Former Labour minister Meg Hillier has demanded 'pootling lanes' for women cyclists

Do women cyclists need 'pootling lanes'?

Simon Usborne (who's more of a hurtler) explains why winning the space race is key to happy riding
A tale of two presidents: George W Bush downs his paintbrush to pen father’s life story

A tale of two presidents

George W Bush downs his paintbrush to pen father’s life story
Restaurateur Mitch Tonks has given the Great Western Pullman dining car a makeover

The dining car makes a comeback

Restaurateur Mitch Tonks has given the Great Western Pullman dining car a makeover
Gallery rage: How are institutions tackling the discomfort of overcrowding this summer?

Gallery rage

How are institutions tackling the discomfort of overcrowding this summer?
Louis van Gaal has £500,000 video surveillance system installed to monitor Manchester United players

Eye on the prize

Louis van Gaal has £500,000 video surveillance system installed to monitor Manchester United players
Women's rugby: Tamara Taylor adds fuel to the ire in quest to land World Cup

Women's rugby

Tamara Taylor adds fuel to the ire in quest to land World Cup
Save the tiger: The day America’s love of backyard tigers led to a horrific bloodbath

The day America’s love of backyard tigers led to a horrific bloodbath

With only six per cent of the US population of these amazing big cats held in zoos, the Zanesville incident in 2011 was inevitable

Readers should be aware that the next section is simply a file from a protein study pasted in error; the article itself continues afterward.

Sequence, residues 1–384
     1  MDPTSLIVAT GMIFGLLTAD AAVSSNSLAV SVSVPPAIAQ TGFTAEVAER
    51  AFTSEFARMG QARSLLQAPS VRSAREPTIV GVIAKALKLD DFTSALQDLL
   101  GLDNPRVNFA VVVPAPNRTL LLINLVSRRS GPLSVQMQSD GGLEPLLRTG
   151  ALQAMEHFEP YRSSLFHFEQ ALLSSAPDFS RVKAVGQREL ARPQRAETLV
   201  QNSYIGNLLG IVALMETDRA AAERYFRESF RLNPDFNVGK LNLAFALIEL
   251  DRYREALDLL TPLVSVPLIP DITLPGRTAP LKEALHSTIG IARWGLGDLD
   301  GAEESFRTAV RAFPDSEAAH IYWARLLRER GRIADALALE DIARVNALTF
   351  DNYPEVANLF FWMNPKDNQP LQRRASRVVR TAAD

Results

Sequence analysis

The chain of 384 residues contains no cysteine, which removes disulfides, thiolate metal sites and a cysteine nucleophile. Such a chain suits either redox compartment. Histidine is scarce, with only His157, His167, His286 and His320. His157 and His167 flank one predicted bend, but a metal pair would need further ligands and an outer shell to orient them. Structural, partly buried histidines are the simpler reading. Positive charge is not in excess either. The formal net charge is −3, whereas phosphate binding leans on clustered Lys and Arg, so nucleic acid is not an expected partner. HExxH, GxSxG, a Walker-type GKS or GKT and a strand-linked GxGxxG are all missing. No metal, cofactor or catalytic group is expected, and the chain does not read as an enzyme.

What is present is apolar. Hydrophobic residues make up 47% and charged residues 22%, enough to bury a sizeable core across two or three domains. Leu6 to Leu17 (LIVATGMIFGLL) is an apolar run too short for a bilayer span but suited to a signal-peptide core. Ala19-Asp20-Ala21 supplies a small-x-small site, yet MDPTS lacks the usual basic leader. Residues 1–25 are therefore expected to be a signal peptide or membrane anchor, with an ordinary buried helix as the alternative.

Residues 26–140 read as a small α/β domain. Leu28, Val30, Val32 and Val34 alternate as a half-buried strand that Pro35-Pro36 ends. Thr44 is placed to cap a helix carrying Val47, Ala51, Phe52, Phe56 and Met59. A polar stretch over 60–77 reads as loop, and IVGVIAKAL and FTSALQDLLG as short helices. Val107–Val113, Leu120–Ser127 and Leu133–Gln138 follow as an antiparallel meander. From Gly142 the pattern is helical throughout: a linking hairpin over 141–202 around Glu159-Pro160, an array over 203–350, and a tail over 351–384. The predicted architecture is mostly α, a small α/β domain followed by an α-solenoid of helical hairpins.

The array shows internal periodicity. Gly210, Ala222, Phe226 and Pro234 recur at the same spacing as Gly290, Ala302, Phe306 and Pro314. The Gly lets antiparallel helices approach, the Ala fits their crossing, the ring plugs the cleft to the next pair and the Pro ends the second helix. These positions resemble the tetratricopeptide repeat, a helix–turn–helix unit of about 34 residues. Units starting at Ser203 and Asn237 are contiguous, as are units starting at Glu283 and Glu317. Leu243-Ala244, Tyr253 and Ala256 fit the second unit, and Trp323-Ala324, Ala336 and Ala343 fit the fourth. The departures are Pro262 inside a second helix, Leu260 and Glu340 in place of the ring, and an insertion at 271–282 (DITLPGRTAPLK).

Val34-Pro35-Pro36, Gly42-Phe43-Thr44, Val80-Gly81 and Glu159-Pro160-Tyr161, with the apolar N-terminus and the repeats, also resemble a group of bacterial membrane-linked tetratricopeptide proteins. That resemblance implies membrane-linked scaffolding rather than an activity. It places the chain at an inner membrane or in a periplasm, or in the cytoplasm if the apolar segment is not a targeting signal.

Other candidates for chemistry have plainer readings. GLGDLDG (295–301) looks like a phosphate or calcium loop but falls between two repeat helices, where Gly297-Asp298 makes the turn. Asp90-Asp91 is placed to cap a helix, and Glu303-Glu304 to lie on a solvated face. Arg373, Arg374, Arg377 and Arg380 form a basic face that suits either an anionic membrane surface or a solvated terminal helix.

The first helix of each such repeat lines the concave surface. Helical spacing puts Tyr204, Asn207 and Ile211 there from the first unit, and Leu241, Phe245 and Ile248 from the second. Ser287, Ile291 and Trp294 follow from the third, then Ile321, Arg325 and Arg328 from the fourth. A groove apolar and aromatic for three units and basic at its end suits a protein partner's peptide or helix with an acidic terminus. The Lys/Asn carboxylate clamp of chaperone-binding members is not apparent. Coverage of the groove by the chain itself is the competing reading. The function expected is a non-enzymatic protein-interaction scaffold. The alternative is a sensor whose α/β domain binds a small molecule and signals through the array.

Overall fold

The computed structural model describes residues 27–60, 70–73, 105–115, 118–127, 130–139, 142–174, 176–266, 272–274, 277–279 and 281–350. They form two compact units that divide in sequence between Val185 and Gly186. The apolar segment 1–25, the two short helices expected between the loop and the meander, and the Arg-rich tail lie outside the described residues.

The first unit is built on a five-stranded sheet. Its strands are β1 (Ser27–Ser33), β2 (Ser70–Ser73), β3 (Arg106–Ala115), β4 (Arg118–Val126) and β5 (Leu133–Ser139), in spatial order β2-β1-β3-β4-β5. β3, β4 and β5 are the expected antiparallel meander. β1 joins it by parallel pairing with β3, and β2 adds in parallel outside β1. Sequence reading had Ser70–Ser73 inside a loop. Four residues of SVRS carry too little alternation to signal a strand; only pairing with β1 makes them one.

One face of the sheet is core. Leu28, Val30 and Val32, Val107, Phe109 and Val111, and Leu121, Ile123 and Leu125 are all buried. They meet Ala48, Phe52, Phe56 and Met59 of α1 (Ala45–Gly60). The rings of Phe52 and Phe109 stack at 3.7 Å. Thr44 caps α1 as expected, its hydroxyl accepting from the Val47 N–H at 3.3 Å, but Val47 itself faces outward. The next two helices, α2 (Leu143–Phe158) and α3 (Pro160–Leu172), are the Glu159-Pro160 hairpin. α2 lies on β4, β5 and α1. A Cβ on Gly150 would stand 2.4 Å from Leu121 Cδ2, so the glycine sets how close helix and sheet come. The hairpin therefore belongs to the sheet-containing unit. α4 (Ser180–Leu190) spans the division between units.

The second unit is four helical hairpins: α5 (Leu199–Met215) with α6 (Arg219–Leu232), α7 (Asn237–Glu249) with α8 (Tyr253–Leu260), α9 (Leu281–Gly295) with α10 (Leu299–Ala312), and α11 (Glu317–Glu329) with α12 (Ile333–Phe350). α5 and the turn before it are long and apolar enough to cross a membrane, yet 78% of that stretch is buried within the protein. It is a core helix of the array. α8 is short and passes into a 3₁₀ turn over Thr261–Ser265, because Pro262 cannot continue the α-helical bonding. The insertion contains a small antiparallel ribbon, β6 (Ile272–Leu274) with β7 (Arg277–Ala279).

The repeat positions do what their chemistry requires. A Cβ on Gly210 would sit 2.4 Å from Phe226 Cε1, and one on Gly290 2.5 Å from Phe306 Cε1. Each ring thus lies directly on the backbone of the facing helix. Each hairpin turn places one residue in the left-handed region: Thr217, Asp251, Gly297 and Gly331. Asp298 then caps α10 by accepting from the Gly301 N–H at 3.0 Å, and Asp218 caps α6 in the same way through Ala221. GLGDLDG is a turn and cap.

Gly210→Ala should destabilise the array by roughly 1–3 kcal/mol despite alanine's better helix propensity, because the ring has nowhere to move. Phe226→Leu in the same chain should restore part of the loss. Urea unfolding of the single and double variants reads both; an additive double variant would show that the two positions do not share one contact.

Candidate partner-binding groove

Samuel Beckett's biographer reveals secrets of the writer's time as a French Resistance spy

How Samuel Beckett became a French Resistance spy

As this year's Samuel Beckett festival opens in Enniskillen, James Knowlson, recalls how the Irish writer risked his life for liberty and narrowly escaped capture by the Gestapo
We will remember them: relatives still honour those who fought in the Great War

We will remember them

Relatives still honour those who fought in the Great War
Star Wars Episode VII is being shot on film - and now Kodak is launching a last-ditch bid to keep celluloid alive

Kodak's last-ditch bid to keep celluloid alive

Director J J Abrams and a few digital refuseniks shoot movies on film. Simon Usborne wonders what the fuss is about
Once stilted and melodramatic, Hollywood is giving acting in video games a makeover

Acting in video games gets a makeover

David Crookes meets two of the genre's most popular voices